In 1998, Congress included an amendment in the Treasury-Postal Appropriations bill requiring most health plans that participate in the Federal Employees Health Benefits Program (FEHBP) to provide "contraceptive coverage," including early abortifacient methods to the same extent that they provide prescription drug coverage generally. We opposed this amendment. (The Treasury-Postal Appropriations bill became law as part of the FY 1999 Omnibus Supplemental Appropriations Act, H.R. 4328, PL 105-277.)
FEHBP is the health insurance program for all federal employees, including Members of Congress and their staffs. Individuals covered make contributions to their coverage, but most of the program's cost is paid through federal tax dollars. Before the mandate was enacted in 1998, 350 health plans were available to employees and they could choose a plan with the coverage they desired. A majority of these plans provided some contraceptive coverage. In 1999, 285 plans participate in FEHBP.
"Contraceptive coverage" is not defined in the amendment. However, a November 1998 Office of Personal Management (OPM) Benefits Administration Letter says the plans must offer the "full range of contraceptive drugs and devices approved for use by the Food and Drug Administration."
The effect of this policy is to force health plans to cover controversial abortifacients such as the new so-called "morning after" product, Preven, approved by the FDA for use as "postcoital emergency contraception." Preven and similar drugs work up to three days after unprotected intercourse or contraceptive failure to destroy a developing embryo. Clearly, this is not contraception but it is defined as such by the FDA.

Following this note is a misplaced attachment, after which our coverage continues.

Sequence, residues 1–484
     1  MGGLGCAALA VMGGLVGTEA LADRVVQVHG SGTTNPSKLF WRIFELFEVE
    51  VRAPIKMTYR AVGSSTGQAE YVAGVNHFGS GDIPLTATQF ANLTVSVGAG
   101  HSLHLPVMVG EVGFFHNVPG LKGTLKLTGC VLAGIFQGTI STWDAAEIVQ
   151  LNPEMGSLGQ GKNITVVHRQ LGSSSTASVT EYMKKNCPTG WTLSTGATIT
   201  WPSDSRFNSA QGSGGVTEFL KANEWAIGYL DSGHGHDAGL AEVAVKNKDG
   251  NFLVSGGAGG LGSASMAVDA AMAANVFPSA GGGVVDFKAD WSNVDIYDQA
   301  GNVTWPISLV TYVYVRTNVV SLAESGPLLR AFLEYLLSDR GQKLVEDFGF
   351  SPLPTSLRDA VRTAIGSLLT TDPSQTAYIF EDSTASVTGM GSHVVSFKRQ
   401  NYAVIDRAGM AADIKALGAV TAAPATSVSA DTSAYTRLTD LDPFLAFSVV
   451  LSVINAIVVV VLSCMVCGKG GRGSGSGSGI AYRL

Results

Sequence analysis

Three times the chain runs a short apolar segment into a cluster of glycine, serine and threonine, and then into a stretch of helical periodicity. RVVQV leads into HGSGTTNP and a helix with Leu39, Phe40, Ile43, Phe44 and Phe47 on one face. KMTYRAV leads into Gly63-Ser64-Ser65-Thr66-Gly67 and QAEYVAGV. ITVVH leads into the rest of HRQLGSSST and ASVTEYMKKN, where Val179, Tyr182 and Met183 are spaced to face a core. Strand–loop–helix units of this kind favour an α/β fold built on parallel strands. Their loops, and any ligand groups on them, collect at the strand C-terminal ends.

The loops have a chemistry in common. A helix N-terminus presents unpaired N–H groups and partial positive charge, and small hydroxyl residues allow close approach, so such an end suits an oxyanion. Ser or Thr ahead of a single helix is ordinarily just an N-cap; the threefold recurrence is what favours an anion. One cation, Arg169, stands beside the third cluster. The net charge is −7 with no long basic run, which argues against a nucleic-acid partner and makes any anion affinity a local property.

The latest edition of the nation's leading embryology textbook explains the mode of action of such drugs: "The administration of relatively large doses of estrogens ("morning after" pills) for several days, beginning shortly after unprotected sexual intercourse, usually does not prevent fertilization, but often prevents implantation of the blastocyst." K. Moore and T. Persaud, The Developing Human: Clinically Oriented Embryology (6th ed.: 1998), p. 58.
Wal-Mart, the nation's fifth largest pharmacy chain, recently announced that it will not fill prescriptions for "emergency contraception."
The FEHBP mandate also lacks adequate conscience protection for sponsors of health plans and individual providers who are opposed to providing such drugs and devices. Five religious plans are exempt by name: Providence Health Plan, Personal Care's HMO, Care Choices, OSF Health Plans, Yellowstone Community Health Plan, as well as any "existing or future plan, if the plan objects to such coverage on the basis of religious beliefs." Plans and individuals objecting to such coverage based on moral convictions should be protected as well, as they are under many state and federal laws.
Conscience protection for individual providers needs to be clarified to protect any health care provider, including but not limited to physicians, nurses and physician assistants, who object to providing these drugs or devices on the basis of religious beliefs or moral convictions. The current law protects only individuals who decline to "prescribe" such drugs and devices and may be interpreted too narrowly.
This misnamed "contraceptive" mandate is being used to help "mainstream" abortifacient drugs to which many health professionals, pharmacies and patients have serious objections. It reduces federal employees' freedom to choose the health benefits they want; ignores health plans' potential moral objections; and increases pressure on health professionals to ignore their own conscientious convictions. All of this, ironically, is done in the name of "freedom of choice."